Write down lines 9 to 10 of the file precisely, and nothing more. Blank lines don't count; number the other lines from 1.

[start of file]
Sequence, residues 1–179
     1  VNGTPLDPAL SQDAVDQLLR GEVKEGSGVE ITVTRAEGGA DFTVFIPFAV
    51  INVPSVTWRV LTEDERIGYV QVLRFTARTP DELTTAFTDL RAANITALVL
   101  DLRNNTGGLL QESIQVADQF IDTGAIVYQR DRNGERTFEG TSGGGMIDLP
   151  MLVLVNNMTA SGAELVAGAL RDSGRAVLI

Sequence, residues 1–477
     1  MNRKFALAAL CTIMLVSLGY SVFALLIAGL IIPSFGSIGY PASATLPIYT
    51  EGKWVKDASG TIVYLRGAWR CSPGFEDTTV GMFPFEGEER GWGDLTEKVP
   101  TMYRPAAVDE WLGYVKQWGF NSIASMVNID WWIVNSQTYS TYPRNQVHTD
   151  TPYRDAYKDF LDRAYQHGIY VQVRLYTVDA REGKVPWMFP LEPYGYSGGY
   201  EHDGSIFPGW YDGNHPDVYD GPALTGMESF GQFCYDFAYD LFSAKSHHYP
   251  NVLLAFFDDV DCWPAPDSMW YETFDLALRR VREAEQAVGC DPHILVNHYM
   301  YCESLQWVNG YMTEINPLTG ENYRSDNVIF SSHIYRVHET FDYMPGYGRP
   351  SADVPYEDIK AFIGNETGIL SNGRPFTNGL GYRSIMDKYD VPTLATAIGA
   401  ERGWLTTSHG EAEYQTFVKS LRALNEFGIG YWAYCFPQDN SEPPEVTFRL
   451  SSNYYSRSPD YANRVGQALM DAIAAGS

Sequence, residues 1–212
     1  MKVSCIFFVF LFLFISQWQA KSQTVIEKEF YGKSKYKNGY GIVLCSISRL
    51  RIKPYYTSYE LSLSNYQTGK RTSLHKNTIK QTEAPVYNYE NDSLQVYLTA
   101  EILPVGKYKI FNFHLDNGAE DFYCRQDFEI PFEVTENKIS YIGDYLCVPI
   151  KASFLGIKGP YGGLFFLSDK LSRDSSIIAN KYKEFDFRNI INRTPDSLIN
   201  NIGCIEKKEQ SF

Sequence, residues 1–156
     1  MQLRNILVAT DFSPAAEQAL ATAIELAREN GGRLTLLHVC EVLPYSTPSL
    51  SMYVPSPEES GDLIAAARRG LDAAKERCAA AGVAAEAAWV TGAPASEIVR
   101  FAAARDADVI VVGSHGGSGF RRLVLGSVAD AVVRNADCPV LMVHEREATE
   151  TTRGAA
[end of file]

   101  TMYRPAAVDE WLGYVKQWGF NSIASMVNID WWIVNSQTYS TYPRNQVHTD
   151  TPYRDAYKDF LDRAYQHGIY VQVRLYTVDA REGKVPWMFP LEPYGYSGGY